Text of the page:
Adjunctive Therapy

Fibrinolytic agents have prothrombotic properties as well. The plasmin generated by thrombolysis leads to the production of thrombin, which is a potent platelet activator and converts fibrinogen to fibrin. Indeed, studies have shown early reocclusion in as many as 17% of the patients treated with IAT 17 and 34% of the patients treated with IV rt-PA.63 Therefore, a strong rationale exists for the adjuvant use of antithrombotic agents.

Systemic anticoagulation with IV heparin during the periprocedural phase of IAT has several potential advantages, including augmentation of the thrombolytic effect,22 prevention of acute reocclusion, and reduction in the risk of catheter-related embolism. However, these benefits must be weighed against the potentially increased risk of ICH when heparin is combined with a thrombolytic agent.

Argatroban, lepirudin, and bivalirudin are all direct thrombin inhibitors. These agents should replace heparin in cases in which the diagnosis of heparin-induced thrombocytopenia (HIT) type II is confirmed or even suspected. HIT type II is an immune-mediated disorder characterized by the formation of antibodies against the heparin-platelet factor 4 complex, resulting in thrombocytopenia, platelet aggregation, and the potential for arterial and venous thrombosis. The possibility of HIT type II should be raised in patients who demonstrate a platelet count drop to less than 100,000, or by greater than 50% from baseline, in the setting of heparin therapy (usually 5-12 days after initial exposure). Unexplained thrombotic events should also evoke this diagnosis, even in the setting of a normal platelet count. Impaired renal function must be taken into account when selecting the appropriate agent; argatroban is the only direct thrombin inhibitor that is hepatically cleared.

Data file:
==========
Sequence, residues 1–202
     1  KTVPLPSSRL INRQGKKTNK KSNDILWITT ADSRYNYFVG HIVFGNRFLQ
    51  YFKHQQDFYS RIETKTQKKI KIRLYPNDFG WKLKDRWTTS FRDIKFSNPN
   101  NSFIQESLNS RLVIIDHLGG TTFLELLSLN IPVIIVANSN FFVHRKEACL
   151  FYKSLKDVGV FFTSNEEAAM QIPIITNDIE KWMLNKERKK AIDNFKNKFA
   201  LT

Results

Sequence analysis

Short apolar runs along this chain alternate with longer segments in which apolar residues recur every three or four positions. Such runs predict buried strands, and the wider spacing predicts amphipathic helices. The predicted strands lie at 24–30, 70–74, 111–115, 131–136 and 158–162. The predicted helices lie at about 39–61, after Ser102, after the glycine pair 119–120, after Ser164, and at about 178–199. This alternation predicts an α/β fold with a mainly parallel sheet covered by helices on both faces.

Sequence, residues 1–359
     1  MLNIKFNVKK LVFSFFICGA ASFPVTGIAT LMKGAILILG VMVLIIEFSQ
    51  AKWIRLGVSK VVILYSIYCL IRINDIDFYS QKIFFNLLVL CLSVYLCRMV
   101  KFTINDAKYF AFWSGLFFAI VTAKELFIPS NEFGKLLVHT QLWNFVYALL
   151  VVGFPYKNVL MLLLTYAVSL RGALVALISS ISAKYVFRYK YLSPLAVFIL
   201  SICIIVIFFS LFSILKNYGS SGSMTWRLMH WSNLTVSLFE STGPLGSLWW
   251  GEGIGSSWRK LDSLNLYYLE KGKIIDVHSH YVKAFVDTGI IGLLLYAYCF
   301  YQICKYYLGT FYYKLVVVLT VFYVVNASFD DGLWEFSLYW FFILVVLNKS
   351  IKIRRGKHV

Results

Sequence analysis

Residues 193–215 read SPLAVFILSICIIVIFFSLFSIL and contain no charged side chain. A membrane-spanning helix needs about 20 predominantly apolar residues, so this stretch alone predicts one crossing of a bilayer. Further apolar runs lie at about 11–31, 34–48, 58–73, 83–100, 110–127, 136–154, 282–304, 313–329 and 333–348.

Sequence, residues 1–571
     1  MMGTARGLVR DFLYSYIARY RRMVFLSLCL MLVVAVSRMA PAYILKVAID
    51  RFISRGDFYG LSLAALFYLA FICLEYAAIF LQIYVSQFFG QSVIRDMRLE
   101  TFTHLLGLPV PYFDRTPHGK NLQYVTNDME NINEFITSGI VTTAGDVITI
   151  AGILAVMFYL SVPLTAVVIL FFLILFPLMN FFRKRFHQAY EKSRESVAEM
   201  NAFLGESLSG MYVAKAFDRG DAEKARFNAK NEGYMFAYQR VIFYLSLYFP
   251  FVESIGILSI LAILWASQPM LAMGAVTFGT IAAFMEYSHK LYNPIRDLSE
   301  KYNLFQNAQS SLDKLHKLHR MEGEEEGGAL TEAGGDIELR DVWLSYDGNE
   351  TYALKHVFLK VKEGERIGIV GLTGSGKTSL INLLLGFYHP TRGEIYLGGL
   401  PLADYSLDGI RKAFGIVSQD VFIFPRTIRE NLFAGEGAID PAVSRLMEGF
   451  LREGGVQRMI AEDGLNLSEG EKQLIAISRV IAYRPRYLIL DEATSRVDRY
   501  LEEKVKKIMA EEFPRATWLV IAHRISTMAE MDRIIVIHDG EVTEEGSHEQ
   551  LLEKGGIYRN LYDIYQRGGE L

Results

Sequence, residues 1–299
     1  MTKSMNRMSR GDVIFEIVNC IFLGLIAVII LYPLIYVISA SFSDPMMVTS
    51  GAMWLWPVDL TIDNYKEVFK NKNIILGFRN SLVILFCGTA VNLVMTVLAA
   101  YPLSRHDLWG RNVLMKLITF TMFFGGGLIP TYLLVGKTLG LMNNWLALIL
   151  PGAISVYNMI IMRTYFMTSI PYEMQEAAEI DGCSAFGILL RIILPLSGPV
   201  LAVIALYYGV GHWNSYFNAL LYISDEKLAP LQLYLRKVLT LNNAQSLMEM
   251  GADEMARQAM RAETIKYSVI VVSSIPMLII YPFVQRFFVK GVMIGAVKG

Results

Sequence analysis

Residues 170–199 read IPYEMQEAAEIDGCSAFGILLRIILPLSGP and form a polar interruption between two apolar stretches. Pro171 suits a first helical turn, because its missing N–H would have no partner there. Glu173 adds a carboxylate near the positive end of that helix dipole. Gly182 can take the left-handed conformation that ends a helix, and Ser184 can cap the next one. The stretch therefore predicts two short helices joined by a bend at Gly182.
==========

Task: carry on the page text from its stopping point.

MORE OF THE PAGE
The use of glycoprotein (GP) IIb/IIIa antagonists, such as Reopro (abciximab), Integrilin (eptifibatide), or Aggrastat (tirofiban) in ischemic stroke is still investiga-tional. No cases of major intracranial hemorrhage were seen in a pilot randomized, double-blind, placebo-controlled study in which 54 patients presenting within 24 hours after ischemic stroke onset were randomly allocated to receive escalating doses of abciximab.64 Conversely, the AbESTT-II trial, a phase III, multicenter, randomized, double-blind, placebo-controlled study evaluating the safety and efficacy of abciximab in acute ischemic stroke treated within 6 hours after stroke onset or within 3 hours of awakening with stroke symptoms, was stopped early due to high rates of ICH. The NIH is currently sponsoring a phase II trial (ROSIE) looking at intravenous reteplase in combination with abciximab for the treatment of ischemic stroke within 3-24 hours from onset. Preliminary analysis of the first 21 patients enrolled has revealed no symptomatic ICH or major hemorrhage. The CLEAR trial is studying the combination of low-dose rt-PA and eptifibatide in patients with NIHSS scores greater than 5 who present within 3 hours from stroke onset.

The data for the use of GP IIb/IIIa inhibitors in conjunction with IAT are even more scant, and are limited to case reports. Intravenous abciximab has been successfully used as adjunctive therapy to IA rt-PA or UK in cases of acute stroke.65-67 Desh-mukh et al.67 reported on 21 patients with large vessel occlusion refractory to IAT with rt-PA who were treated with IV and/or IA abciximab, eptifibatide, or tirofiban. Twelve patients also received IV rt-PA and 18 patients underwent balloon angioplasty. Complete or partial recanalization was achieved in 17 of 21 patients. Three patients (14%) had asymptomatic ICH, but there were no cases of symptomatic ICH. Mangiafico et al.68 described 21 stroke patients treated with an intravenous bolus of tirofiban and heparin followed by IA urokinase. Nineteen of these patients also underwent balloon angioplasty. TIMI 2-3 flow was achieved in 17 of 21 patients. ICH occurred in 5 of 21 patients (3 symptomatic ICH and 2 SAH), and was fatal in 3 patients.68 Qureshi et al.69 described the use of IA reteplase and intravenous abciximab on 20 stroke patients. There was one symptomatic ICH. Partial or complete recanalization occurred in 13 of the 20 patients. Conversely, the use of abciximab was predictive of asymptomatic SAH (OR 19.2) in nine patients who received this drug as a study protocol violation in the Multi-MERCI part 1 trial.39

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